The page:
Hiring and Building a Solid CS Ops Function: Asaf Klein, AppsFlyer

The Director of Client Services Strategy & Operations @ AppsFlyer talks about skills to look for, how to structure CS Ops, and more
Kirthika Soundararajan
October 12, 2021
Blogs
Main Illustration:
Sivaprakash

Hiring and Building a Solid CS Ops Function: Asaf Klein, AppsFlyer

The Director of Client Services Strategy & Operations @ AppsFlyer talks about skills to look for, how to structure CS Ops, and more
Kirthika Soundararajan
October 12, 2021
Blogs
Main Illustration:
Sivaprakash

In This Post

The expansion of Customer Success in terms of scope led to new roles with specializations such as Customer Success Operations (CS Ops).

CSMs or even CXOs cover this function at early-stage startups. Still, as the company scales and the CS teams mature, having a separate operations role or team will be essential and prevalent.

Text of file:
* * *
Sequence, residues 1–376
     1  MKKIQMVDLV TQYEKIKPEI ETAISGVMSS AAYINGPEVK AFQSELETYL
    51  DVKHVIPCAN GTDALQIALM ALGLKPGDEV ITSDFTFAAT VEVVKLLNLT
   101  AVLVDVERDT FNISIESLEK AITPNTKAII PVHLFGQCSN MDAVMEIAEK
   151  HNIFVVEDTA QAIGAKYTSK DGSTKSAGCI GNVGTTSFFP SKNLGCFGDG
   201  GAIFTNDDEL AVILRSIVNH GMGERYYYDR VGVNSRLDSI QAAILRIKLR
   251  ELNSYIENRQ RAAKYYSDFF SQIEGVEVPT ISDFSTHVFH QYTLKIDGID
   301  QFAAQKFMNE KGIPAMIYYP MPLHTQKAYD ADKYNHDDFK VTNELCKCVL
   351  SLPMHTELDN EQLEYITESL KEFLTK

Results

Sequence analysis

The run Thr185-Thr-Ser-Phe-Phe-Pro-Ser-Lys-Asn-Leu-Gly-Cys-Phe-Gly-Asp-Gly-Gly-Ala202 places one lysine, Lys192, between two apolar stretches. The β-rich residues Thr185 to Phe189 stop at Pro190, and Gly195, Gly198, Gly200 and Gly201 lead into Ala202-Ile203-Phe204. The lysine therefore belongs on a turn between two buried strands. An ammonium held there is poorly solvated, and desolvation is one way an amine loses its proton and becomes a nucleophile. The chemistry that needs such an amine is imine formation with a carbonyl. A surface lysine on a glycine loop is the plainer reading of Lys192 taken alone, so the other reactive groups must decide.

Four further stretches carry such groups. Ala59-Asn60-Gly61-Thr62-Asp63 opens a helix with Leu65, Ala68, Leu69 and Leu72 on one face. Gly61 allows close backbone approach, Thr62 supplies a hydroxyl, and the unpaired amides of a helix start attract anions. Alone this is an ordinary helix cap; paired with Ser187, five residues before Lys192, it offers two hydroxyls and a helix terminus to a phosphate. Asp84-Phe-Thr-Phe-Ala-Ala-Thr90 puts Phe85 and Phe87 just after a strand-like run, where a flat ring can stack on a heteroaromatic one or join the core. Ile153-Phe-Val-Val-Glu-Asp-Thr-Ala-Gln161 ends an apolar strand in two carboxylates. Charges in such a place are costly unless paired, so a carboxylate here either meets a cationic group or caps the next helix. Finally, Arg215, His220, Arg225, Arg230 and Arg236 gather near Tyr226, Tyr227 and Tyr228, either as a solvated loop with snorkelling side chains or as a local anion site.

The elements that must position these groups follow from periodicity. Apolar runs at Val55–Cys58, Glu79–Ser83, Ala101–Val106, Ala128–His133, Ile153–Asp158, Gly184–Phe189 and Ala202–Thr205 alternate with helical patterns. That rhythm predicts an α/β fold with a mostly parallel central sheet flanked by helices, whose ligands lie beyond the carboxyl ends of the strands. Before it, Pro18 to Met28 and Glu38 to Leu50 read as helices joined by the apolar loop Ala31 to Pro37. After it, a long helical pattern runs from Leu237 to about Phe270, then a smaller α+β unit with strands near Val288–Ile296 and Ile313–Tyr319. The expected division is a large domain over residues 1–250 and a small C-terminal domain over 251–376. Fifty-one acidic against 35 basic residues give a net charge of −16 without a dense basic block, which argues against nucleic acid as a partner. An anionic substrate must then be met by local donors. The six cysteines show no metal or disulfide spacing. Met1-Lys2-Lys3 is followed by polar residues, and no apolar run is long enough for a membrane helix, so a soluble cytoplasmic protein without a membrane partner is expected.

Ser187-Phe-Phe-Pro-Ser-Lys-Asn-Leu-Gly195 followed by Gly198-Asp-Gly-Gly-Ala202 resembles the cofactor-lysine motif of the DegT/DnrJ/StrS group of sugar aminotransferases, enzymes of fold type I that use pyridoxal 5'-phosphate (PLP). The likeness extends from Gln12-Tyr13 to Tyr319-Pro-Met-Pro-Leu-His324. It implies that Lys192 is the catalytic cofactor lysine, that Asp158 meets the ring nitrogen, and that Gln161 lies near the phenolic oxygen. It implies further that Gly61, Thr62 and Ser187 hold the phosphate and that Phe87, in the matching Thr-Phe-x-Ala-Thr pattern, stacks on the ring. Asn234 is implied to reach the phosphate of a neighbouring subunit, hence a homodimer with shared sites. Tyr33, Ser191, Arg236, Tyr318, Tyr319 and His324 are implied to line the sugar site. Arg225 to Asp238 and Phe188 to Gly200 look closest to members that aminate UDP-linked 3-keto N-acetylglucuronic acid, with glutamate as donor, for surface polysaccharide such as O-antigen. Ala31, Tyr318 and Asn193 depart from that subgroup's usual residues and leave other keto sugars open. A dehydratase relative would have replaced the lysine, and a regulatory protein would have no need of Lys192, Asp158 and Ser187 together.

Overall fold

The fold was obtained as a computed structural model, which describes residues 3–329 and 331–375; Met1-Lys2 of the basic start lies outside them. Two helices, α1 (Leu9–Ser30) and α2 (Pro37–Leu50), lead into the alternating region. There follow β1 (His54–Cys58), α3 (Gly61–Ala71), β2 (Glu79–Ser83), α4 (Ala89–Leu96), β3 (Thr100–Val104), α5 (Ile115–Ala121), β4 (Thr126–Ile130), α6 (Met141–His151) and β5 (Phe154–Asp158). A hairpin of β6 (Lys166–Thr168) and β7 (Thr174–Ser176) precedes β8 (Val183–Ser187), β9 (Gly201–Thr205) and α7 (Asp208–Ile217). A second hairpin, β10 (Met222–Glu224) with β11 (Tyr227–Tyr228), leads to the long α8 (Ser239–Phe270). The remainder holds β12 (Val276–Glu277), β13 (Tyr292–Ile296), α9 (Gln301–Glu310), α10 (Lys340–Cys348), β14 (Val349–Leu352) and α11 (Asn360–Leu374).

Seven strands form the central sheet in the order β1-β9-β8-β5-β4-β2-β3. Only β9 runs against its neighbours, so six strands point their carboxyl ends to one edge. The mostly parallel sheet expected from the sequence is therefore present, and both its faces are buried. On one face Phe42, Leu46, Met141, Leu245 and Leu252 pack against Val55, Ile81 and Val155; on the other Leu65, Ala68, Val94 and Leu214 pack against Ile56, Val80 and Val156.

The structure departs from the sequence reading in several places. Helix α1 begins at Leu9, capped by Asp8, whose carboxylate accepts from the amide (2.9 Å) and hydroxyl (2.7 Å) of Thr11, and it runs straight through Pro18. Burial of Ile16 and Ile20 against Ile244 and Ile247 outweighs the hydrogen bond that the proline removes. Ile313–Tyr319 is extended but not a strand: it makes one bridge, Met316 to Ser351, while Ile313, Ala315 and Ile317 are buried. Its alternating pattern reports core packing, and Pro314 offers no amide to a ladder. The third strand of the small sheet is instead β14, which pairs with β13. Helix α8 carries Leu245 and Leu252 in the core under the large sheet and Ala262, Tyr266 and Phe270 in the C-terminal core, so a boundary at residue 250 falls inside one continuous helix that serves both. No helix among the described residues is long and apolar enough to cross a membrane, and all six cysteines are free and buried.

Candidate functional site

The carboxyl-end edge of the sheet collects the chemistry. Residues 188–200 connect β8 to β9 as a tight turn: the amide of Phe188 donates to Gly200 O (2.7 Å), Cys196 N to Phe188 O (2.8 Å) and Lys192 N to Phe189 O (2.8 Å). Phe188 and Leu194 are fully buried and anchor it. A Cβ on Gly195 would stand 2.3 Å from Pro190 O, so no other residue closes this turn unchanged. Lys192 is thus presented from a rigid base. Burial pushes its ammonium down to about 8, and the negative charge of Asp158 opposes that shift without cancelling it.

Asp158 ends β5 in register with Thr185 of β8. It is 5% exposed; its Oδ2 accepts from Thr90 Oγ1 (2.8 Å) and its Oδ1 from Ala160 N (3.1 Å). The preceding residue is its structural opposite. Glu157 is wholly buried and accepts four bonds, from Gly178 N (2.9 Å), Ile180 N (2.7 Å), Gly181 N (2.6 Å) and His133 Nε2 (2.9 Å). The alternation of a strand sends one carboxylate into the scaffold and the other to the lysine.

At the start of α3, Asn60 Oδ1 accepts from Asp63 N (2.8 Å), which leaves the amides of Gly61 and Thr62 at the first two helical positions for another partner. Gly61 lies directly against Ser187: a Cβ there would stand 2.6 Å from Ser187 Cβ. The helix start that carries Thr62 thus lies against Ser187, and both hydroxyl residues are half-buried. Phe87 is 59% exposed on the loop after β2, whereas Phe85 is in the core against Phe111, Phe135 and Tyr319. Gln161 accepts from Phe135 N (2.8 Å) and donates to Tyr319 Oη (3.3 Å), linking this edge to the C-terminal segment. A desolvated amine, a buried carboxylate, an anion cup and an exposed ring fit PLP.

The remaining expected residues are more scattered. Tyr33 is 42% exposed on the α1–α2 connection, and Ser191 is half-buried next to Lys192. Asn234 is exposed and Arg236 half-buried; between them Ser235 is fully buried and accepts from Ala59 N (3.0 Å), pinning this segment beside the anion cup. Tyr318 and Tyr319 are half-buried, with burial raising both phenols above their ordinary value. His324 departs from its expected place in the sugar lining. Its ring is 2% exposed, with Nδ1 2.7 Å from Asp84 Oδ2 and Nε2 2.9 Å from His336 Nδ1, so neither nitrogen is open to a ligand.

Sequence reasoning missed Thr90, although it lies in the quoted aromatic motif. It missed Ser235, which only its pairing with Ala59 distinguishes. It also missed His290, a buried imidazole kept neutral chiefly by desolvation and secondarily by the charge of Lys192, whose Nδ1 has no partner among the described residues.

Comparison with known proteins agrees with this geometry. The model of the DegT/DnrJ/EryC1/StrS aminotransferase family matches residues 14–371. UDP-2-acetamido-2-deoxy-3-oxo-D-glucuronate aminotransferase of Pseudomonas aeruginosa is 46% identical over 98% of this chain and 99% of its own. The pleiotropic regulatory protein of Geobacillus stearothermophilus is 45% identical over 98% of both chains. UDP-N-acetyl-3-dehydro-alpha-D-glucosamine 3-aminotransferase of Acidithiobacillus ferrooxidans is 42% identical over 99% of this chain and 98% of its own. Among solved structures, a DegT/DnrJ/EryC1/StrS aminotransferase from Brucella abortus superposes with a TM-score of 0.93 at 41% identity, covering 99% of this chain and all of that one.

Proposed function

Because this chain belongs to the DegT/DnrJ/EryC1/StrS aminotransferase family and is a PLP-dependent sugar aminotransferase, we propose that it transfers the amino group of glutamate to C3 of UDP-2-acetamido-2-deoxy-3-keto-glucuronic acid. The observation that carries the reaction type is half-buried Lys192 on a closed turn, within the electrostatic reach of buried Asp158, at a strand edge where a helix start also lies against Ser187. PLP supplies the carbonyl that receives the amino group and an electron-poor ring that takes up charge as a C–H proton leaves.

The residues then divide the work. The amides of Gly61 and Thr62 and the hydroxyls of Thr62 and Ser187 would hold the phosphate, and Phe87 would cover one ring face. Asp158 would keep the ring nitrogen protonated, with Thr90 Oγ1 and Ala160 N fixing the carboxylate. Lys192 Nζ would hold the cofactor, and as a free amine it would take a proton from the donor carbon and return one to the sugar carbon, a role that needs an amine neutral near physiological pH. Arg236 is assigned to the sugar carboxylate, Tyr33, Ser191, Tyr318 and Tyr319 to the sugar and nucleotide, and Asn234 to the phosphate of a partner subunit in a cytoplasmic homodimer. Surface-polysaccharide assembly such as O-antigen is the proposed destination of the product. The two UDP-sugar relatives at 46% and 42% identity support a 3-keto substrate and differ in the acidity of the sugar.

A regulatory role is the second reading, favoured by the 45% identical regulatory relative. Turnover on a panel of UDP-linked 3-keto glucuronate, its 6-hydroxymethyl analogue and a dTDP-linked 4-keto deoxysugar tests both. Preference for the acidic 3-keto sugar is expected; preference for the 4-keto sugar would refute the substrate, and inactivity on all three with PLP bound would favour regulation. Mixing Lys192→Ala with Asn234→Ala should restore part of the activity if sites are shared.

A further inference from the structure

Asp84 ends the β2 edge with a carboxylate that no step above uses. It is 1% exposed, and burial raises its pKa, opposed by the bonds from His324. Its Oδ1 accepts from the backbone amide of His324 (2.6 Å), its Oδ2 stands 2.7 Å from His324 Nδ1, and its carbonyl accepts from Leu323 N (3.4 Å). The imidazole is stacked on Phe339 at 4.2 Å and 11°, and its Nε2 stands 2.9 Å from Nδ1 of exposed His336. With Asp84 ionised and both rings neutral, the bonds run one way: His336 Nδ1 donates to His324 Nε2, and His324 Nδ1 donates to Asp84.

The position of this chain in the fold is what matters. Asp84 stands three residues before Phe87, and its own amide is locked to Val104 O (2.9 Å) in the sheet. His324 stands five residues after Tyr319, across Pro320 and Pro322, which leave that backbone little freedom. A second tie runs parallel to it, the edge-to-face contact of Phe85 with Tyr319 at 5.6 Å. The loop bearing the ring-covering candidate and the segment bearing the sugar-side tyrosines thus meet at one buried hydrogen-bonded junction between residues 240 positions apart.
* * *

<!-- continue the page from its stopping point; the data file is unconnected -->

At Rocketlane, we want to actively help organizations build this function by interviewing folks in CS Ops and bringing out their stories of successful transitions into CS Ops.

We spoke to Asaf Klein, Director of Client Services Strategy & Operations at AppsFlyer. He talks about his transition to CS Ops, the experience and skills that helped him make the transition, the challenges he faces in CS Ops and how he takes them on, and what he finds the most enjoyable about working in CS Ops.

Here’s the conversation between him and Sri, co-founder, Rocketlane.

. . .

Sri: Let’s start with a little bit about your journey. Tell us how you landed a CS Ops role and what you were doing before that.